Two months after the submission of Joy as Austria’s entry for the International Feature Competition, the Academy of Motion Picture Arts and Sciences informed the Austrian selection committee that Sudabeh Mortezai’s film is ineligible because its dialogue is predominantly in English. The Austrian committee has protested.
This is the letter by the Austrian selection committee in reaction of the rejection of the Austrian Oscar submission for Best
International Feature Film:
Dear Ladies and Gentlemen of the International Feature Film Executive Committee,
Yesterday evening we received the notification that the Austrian submission for the
International Feature Film Academy Award, the film Joy directed by Sudabeh Mortezai,
was rejected due to your perception of a too high percentage of spoken English.
Unfortunately, this decision was communicated so late that it excludes any possibility for
recourse or submission of an alternative title, thereby delaying an Austrian submission to
the Academy until next year. This is deeply regrettable.
When the Austrian submission Caché by Michael Haneke was rejected due to language
reasons a few years ago, at least the timeframe would have allowed for an alternative
submission. This was made impossible this time.
Your letter claims that the film has a too high percentage of spoken English, namely 70%,
thereby excluding the film from consideration for the International Feature Film Award.
We would like to take this opportunity to contest the reasoning of the Committee’s
The Austrian jury made up of film-production and filmmaking experts made a very
conscious decision to submit Joy, due to its quasi-documentary depiction of the living
conditions of Nigerian sexworkers in Vienna.
The languages spoken in the film authentically reflect the realities of the characters.
English makes up less than 50% of the dialogue, the rest consists of German, Bini, and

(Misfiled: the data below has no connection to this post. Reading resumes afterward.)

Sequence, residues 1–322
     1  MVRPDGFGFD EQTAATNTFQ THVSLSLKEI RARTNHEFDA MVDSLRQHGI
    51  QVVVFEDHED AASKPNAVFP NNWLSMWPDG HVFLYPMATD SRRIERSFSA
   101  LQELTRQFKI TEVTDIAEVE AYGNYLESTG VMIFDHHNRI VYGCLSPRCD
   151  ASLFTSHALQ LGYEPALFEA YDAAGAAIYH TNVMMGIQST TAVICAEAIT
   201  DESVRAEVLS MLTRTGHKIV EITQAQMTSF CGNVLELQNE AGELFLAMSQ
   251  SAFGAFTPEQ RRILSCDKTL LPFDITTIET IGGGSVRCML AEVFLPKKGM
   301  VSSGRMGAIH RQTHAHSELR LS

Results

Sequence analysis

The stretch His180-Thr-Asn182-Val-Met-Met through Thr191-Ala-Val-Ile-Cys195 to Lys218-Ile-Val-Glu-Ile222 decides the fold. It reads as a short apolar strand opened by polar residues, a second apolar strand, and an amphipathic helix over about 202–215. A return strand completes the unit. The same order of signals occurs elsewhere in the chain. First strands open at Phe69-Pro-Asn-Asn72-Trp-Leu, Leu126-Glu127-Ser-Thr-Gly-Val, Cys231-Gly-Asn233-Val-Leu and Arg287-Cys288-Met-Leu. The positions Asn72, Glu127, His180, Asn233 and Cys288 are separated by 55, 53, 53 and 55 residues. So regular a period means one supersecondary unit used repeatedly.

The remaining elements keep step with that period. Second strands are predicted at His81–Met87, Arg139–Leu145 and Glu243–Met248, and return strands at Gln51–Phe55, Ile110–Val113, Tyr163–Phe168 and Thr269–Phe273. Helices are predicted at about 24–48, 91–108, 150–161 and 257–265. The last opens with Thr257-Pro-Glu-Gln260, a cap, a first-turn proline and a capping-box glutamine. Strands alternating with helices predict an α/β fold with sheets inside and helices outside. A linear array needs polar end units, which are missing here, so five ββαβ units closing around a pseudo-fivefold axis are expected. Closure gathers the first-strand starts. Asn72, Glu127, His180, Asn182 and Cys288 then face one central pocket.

Nigerian Pidgin. Pidgin, though sometimes based on the English language, is considered by
linguists to be an independent language with its own (simplified) grammatical structure
and a vocabulary mixing English and several native languages. It is not intelligible for
English speakers without subtitles and thus these dialogues have been subtitled in the film.
We have analysed all the dialogue in the film thoroughly and our calculation results in a
different language distribution. Taking account of every scene in which Pidgin is spoken –
which is impossible to understand without subtitles – the ratios are as follows:
Bini 8 %
German 20 %
Pidgin 25 %
English (max.) 46 % (and Pidgin understandable without subtitles)
We urge you to reconsider your decision!
Director Sudabeh Mortezai’s statement on Facebook:
Apart from the fact that obviously the Academy doesn't accept Nigerian Pidgin as a language but defines it as English, this
raises a much broader question: What is foreign (as opposed to American)?
Hollywood by default defines America as the norm, the center of the universe. Best Film of course means Best English-Speaking/American
film. (A film like Roma being the extremely rare exception) Everything else is "foreign" or as they put it now "international"
but then again it's not foreign enough if more than 50% of the dialogue is English or what they consider to be English, even
if the average American cannot understand it without subtitles. And so it happens that a film like Joy, that is so utterly and thoroughly rooted in the culture it is portraying, where the characters speak the authentic life-like
language of their community, a film that in its very nature is foreign to US-viewers and could open a window into a very foreign
world for them, is disqualified.